Could we detect alien probes that are inside our own solar system ?
By T.K. Randall
November 28, 2021 · 8 comments
What if alien visitors are actively trying to phone home ? Image Credit: PD - Pexels
Scientists have been aiming to bring the hunt for intelligent alien life a little closer to home.
The question of whether we are alone in the universe remains one of the biggest philosophical conundrums of our time. While it seems almost inconceivable that our civilization is alone in the cosmos, the fact still remains that we have yet to see any evidence to the contrary.
But while astronomers have spent decades searching for evidence of intelligent extraterrestrial life among the stars, a recent study by two researchers from the University of Liege and the Massachusetts Institute of Technology (MIT) has the potential to turn this notion completely on its head.
Instead of listening out for signals being sent towards us, the study's authors have looked at things from a different perspective - what if there are alien probes in our solar system, right now, that are sending signals, not towards us, but away from us out into the cosmos ?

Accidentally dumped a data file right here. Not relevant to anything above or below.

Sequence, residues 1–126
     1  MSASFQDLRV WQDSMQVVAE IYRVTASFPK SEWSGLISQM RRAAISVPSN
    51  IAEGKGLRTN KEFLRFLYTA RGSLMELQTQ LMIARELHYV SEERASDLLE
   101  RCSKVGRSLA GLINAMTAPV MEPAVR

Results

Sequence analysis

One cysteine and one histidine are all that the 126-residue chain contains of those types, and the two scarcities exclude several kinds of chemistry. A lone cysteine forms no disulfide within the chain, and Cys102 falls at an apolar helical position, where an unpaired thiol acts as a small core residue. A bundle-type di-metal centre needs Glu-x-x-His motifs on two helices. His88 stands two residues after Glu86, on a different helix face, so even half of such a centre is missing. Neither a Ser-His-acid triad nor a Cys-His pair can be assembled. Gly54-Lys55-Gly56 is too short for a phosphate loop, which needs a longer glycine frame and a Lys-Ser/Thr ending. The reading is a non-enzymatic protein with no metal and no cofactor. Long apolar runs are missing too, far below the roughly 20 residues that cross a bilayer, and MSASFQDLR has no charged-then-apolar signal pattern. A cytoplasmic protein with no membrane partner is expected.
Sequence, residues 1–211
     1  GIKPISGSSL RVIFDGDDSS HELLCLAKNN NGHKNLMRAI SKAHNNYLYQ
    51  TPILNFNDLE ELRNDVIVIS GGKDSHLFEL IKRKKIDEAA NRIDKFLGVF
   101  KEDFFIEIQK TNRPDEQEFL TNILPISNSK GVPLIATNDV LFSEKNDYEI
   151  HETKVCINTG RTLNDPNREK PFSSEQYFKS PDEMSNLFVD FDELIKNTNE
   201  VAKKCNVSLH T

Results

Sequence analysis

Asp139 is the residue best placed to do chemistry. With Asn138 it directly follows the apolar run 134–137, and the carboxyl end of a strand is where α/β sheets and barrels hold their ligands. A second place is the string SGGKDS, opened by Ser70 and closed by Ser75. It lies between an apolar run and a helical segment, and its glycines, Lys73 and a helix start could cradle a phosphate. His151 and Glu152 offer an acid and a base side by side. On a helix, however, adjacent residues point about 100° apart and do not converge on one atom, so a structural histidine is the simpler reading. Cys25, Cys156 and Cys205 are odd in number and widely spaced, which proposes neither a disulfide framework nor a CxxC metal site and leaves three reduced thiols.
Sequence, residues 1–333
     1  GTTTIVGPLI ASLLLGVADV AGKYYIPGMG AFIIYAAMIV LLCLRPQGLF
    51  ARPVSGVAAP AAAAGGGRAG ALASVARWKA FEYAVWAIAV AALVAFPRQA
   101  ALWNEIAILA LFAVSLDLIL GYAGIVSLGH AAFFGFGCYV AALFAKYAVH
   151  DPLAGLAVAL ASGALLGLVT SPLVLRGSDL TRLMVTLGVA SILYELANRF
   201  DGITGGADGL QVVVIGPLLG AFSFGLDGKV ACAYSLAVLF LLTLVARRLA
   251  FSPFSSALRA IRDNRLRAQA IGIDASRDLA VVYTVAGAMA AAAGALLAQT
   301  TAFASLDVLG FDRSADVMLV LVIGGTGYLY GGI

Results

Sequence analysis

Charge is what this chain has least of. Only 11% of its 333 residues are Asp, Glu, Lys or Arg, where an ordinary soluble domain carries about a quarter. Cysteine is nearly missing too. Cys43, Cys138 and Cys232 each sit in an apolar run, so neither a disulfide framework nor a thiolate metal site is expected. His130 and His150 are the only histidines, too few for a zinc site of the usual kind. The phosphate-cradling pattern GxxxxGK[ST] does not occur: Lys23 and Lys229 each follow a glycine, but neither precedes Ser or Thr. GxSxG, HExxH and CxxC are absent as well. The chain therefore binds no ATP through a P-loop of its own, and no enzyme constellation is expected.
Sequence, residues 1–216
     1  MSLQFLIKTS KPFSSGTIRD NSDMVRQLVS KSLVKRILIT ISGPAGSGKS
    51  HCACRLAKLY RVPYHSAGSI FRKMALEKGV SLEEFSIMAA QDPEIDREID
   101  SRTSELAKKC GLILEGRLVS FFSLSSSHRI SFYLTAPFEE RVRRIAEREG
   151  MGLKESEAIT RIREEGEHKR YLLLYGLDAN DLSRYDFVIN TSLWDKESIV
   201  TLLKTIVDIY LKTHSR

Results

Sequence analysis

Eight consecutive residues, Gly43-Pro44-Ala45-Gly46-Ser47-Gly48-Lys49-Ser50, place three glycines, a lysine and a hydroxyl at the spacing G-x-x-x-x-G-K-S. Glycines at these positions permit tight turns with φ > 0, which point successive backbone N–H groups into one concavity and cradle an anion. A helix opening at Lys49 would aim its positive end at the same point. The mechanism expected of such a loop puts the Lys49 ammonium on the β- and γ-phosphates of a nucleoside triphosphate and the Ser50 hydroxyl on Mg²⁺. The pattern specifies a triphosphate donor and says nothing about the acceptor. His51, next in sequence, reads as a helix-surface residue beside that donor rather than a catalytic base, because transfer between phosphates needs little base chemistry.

Assuming that these probes have set up a way to communicate with their creators, it should - in theory - be possible to listen out for the signal that they are sending.
To forward a signal into deep space, it has been proposed that these alien probes could have set up a galaxy-spanning communication network that uses stars as gravitational lenses.
Based on this, the authors argue, the best place to look for evidence of alien communications is the red dwarf star Wolf 359 which is situated approximately 7.9 light years away.
"The Earth should lie once per year in the communication beam of the putative solar probe emitting towards Wolf 359," said study co-author Michael Gillon.
"I made some computations that made me conclude that if the probe emits to Wolf 359 in the optical range when the Earth is in its beam, we should be able to detect its emission even with a modest-size telescope."
Source: Universe Today
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